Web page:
nickclifton (nickclifton) wrote,

January 2015 GNU Toolchain Update

Hi Guys,

  There have been three toolchain component releases this month:

  * GDB 7.8.2 has been released.

    This is mainly a bug-fix release.  A branch for GDB 7.9 has been created, so a new major release can be expected soon.

  * BINUTILS 2.25 has been released.

    Important changes in this release include:

    * The strings program now defaults to displaying text from any part of the executable, not just its data sections.  This means that, by default, strings does not need to use the BFD library to scan the binary, and so it is not exposed to bug that might be present in that library.  The old behaviour - of only showing strings from inside non-code sections, can be enabled via the --data command line option.

      The strings program also now has a --include-all-whitespace command line option, so that newlines carriage returns are also considered to be part of a string.

    * The objcopy program gains a --dump-section <name>=<file> command line option to place a raw copy of the contents of the specified section into the specified file.

    * Support has been added for the Andes NDS32 and AVR Tiny microcontrollers.  In addition the openrisc and or32 targets have been replaced by the or1k target.

     * The ARM port to gas can now accept the assembler output from the CodeComposer Studio tool.

     * PE binaries now once again contain real timestamps by default, although this can be disabled via the --no-insert-timestamps.  Timestamps are needed because some other (non-GNU) tools cannot handle PE binaries without them.

     * COFF based targets now have support for the --build-id command line option to add a unique signature to a binary.

  * NEWLIB 2.2.0 has been released.

    Changes in this version include:
    * Multiple functional/performance enhancements for arm/aarch64.

    * New nano formatted I/O support for small memory targets.

    * Adds a reentrant safe sorting routine: qsort_r.

    * Additional long double math routines.

    * Adds the itoa/utoa/ltoa integer to string conversion routines.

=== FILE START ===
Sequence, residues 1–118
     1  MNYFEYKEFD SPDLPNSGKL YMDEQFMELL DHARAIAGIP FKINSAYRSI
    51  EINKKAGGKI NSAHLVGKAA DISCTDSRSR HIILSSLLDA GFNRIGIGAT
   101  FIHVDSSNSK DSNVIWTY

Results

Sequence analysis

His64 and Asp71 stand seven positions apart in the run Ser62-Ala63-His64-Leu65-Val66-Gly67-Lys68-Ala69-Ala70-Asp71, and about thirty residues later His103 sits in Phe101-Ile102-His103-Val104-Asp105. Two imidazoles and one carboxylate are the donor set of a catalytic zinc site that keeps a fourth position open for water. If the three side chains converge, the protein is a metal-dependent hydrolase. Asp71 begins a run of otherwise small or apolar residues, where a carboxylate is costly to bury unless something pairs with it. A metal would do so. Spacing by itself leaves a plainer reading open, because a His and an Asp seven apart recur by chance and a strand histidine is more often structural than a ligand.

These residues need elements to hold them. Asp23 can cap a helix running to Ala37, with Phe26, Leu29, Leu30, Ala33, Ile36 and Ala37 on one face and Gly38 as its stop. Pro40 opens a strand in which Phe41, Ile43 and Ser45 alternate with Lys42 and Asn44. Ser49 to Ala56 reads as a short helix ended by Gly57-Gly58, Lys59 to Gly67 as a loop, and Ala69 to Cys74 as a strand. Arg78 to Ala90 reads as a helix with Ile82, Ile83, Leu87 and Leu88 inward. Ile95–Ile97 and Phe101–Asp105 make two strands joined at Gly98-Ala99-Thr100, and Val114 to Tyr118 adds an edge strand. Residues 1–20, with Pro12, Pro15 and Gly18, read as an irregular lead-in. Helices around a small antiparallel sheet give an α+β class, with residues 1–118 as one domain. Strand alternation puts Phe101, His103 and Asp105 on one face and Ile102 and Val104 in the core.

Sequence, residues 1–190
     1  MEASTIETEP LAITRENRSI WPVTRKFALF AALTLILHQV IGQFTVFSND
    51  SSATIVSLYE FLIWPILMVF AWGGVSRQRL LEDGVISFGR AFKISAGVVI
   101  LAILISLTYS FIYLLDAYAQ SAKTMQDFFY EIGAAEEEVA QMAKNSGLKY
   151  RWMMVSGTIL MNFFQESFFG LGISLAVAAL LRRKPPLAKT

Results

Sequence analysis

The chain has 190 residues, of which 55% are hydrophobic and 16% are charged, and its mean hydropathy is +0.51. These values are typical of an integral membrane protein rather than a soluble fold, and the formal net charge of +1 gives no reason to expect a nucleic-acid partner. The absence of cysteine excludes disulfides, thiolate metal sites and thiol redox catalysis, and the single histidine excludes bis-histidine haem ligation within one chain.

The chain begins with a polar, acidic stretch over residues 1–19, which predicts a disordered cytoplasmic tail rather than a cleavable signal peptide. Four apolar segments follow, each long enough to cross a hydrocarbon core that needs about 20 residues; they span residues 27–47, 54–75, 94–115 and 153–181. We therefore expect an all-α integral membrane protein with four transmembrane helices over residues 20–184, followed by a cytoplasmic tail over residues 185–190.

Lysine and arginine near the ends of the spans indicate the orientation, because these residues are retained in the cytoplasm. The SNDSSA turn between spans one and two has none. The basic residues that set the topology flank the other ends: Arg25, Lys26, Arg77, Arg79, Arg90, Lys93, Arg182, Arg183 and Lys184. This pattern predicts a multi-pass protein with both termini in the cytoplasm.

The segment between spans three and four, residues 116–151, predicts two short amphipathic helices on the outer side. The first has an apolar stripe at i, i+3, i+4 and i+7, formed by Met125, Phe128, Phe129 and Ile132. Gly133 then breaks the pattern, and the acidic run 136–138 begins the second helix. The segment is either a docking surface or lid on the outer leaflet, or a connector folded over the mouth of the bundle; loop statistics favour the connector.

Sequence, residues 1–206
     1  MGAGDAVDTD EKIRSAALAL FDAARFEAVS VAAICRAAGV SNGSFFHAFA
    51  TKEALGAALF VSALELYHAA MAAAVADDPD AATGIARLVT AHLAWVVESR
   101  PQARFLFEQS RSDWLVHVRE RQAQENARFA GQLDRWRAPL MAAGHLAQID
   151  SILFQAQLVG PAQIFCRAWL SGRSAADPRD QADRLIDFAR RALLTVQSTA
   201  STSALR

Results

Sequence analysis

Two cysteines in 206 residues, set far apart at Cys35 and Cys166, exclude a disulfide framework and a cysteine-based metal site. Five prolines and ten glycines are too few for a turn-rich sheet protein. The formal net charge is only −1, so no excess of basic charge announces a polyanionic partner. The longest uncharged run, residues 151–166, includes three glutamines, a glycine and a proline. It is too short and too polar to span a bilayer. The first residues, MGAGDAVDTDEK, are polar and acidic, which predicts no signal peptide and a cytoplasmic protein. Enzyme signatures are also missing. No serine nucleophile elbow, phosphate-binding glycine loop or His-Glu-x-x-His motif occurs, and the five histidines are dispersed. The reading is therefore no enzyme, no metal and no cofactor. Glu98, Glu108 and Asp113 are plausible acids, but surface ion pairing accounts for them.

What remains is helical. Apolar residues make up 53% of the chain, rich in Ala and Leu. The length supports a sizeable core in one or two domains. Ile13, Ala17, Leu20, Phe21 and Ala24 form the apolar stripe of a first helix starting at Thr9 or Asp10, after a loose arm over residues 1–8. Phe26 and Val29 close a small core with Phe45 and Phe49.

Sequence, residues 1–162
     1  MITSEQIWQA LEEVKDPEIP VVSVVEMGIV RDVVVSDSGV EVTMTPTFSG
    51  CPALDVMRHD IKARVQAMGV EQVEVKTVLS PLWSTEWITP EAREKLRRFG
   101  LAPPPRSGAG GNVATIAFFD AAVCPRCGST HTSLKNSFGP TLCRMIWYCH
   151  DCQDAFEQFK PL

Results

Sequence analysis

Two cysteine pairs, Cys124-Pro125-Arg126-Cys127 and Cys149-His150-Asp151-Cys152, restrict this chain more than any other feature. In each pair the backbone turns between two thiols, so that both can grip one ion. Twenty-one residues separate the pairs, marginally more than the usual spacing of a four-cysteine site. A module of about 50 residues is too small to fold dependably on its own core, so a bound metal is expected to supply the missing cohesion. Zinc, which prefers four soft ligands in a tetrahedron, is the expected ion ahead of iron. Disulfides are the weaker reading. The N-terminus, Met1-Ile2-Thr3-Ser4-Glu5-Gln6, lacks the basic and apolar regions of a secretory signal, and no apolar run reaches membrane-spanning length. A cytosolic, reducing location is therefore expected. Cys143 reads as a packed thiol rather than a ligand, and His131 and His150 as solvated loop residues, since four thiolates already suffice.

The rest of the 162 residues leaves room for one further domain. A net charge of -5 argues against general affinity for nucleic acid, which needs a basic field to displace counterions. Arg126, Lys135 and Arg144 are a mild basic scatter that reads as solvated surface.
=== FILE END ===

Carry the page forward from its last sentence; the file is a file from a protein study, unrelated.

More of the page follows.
* Restructuring of gmtime/localtime so tz functions are only linked by localtime.

    * Unlocked I/O functions.

  In the development versions of the tools there has also been a lot  of changes too:

  * The --compress-debug-sections is now turned on for Linux/x86 by default in the binutils.

  * GCC has a new command line option: -fopenacc

    This enables handling of the OpenACC #pragma acc.  This makes the compiler generate accelerated code according to the OpenACC Application Programming Interface v2.0 (  This is an experimental feature, incomplete, and subject to change in future versions of GCC. See for more information.

  * The GCC command line option -Warray-bounds can now take a numeric argument, as in -Warray-bounds=[1,2].  The default value is 1, which matches the old behaviour.  If a value of 2 is used then warnings will also be generated for out of bounds access for arrays at the end of a struct and for arrays accessed through pointers.  This warning level may give a larger number of false positives which is why it is not enabled by default.
  * The GCC stack protection feature (-fstack-protector) can now be enabled only for specifically attributed functions via the use of the -fstack-protector-explicit command line option and the stack_protect function attribute.

  * G++ has a new command line option: -fsized-deallocation

    This is part of the C++14 specification.  It enables the built-in declaration of the global functions:

     void operator delete (void *, std::size_t) noexcept;
      void operator delete[] (void *, std::size_t) noexcept;

    which provides for faster deallocation of fixed size objects.  The new command line option: -Wsized-deallocation can be enabled to warn about places that might want to make use of this feature.

  * G++ also has a new warning option: -Wc++14-compat

    This warns about C++ constructs whose meaning differs between ISO C++ 2011 and ISO C++ 2014.  This warning is enabled by -Wall.

  * The ARM port now supports the XGene 1 core.


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